Gilas Pilipinas program director Chot Reyes revealed that NorthPort forward Jamie Malonzo was cleared to play as a local in the national team.
According to Reyes, it turned out that Malonzo was already a Philippine passport holder since he was eight years old and FIBA has already given its approval to allow Malonzo represent the country in FIBA-sanctioned events.
Under FIBA rules, players with dual citizenship have to acquire the passport of the country they wish to represent before they turn 16 years old — the same rule that barred elite Fil-American players in the PBA like Christian Standhardinger and Stanley Pringle from suiting up for the national team as a local.
“Piinapunta ko sa Las Vegas and nag-usap kami. He had his passport when he was eight years old so he’s eligible,” said Reyes, recalling his conversation with Malonzo in Las Vegas when he was scouting for Fil-foreign players for the youth team.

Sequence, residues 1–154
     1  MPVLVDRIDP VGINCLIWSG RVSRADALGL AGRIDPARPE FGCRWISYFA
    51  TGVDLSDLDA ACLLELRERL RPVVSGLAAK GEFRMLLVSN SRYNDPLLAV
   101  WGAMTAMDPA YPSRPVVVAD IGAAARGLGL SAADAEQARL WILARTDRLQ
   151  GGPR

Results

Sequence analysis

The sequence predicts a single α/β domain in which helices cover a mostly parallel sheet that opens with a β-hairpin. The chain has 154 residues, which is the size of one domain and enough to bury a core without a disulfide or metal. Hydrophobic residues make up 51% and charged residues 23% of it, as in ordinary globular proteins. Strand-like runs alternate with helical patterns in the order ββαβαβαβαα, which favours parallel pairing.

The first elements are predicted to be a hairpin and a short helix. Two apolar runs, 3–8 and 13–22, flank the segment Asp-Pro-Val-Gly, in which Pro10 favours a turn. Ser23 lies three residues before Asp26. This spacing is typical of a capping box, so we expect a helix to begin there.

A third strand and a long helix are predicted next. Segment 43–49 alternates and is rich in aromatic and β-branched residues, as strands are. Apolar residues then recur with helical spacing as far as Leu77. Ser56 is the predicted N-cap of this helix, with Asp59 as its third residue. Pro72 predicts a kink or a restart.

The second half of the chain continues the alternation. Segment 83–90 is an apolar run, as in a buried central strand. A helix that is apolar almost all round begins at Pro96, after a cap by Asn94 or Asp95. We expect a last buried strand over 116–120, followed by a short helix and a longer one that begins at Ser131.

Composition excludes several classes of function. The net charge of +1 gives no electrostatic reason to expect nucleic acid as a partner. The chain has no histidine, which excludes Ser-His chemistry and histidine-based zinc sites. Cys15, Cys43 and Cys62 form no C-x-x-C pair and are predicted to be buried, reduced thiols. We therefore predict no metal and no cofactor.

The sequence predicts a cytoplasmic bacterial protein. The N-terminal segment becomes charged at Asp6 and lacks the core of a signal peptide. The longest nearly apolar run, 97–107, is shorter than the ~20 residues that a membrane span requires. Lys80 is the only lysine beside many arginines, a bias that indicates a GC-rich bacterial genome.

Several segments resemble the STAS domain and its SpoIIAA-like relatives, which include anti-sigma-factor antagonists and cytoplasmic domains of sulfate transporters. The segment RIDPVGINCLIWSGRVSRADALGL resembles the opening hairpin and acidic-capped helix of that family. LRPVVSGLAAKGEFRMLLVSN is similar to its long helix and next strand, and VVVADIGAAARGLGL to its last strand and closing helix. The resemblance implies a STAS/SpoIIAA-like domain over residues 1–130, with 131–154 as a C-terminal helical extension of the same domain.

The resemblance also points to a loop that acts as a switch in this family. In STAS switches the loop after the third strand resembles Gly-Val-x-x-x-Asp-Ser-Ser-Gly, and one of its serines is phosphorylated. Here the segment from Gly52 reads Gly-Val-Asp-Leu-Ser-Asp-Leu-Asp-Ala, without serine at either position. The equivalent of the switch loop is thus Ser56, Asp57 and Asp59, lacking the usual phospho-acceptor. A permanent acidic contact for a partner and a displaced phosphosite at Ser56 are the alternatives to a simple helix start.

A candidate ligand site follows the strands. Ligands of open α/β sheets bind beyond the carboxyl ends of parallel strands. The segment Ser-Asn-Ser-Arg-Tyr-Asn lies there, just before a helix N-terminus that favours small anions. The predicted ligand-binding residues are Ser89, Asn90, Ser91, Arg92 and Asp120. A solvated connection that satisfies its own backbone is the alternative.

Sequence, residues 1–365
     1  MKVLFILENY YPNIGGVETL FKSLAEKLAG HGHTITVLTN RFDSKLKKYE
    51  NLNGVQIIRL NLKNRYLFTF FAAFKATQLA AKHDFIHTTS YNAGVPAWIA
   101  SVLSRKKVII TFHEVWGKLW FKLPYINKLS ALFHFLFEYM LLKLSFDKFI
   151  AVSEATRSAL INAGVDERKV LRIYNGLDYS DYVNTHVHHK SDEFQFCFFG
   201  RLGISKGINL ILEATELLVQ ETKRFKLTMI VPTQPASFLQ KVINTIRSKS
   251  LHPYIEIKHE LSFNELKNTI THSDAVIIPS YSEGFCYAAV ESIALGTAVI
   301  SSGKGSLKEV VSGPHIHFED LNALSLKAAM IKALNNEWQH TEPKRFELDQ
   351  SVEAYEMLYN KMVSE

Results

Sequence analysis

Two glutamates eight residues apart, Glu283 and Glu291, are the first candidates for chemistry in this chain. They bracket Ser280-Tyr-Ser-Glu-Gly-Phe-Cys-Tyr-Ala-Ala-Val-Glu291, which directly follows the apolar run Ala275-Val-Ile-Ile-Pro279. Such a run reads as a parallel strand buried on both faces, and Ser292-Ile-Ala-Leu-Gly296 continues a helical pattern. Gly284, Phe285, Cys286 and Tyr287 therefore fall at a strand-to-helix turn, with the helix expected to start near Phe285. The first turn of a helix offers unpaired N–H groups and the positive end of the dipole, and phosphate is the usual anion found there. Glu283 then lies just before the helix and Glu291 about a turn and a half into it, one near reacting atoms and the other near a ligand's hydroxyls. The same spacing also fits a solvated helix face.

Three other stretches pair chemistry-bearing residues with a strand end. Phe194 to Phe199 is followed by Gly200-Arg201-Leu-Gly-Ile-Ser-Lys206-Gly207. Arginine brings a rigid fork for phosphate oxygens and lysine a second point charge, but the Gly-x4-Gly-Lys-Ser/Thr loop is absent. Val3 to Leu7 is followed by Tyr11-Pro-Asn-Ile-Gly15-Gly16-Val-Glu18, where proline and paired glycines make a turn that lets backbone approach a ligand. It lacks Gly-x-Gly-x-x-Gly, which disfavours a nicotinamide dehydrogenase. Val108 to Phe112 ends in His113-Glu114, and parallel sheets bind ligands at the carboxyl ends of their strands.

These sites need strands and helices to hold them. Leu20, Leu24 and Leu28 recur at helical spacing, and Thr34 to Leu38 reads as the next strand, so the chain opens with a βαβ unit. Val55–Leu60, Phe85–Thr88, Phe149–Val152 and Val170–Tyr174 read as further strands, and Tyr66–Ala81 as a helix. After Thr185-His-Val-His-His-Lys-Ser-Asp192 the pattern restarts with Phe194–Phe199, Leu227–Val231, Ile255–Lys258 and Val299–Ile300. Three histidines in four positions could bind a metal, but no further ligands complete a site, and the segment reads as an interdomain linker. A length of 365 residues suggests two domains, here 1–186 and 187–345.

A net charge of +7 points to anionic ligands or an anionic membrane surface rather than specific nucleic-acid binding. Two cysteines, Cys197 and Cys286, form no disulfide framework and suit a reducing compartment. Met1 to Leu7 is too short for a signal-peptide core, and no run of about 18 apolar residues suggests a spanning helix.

Reyes also confirmed that Malonzo is now eligible to join the national team in the coming windows and in the FIBA 2023 World Cup which the country will be co-hosting with Japan and Indonesia.
Although part of the pool, Reyes said the 6-foot-7 forward is still not a sure pick for one of the 12 roster spots in the national team.
“We brought the passport in and went through the process in FIBA. Now he’s part of the FIBA World Cup as a local player. We’re not saying that he’s gonna make the team but at least he’s eligible, there’s one thing about eligibility and another thing about finally making the team,” said Reyes.
Either way, Malonzo’s addition to the national team pool was a big boost to the Gilas program as he provides size and athleticism on the wing position for the national team. The 25-year-old forward has also been putting up a stellar performance so far in the PBA averaging a double-double of 17.4 points and 12.6 rebounds.
“He knows it, the PBA board knows it so hopefully the soonest possible time na pwede siya we have to see how he plays with the other guys and how he plays in international competition,” said Reyes.
“Ibang-iba ‘yung international it’s a different animal altogether so he has to be able to feel that as well.”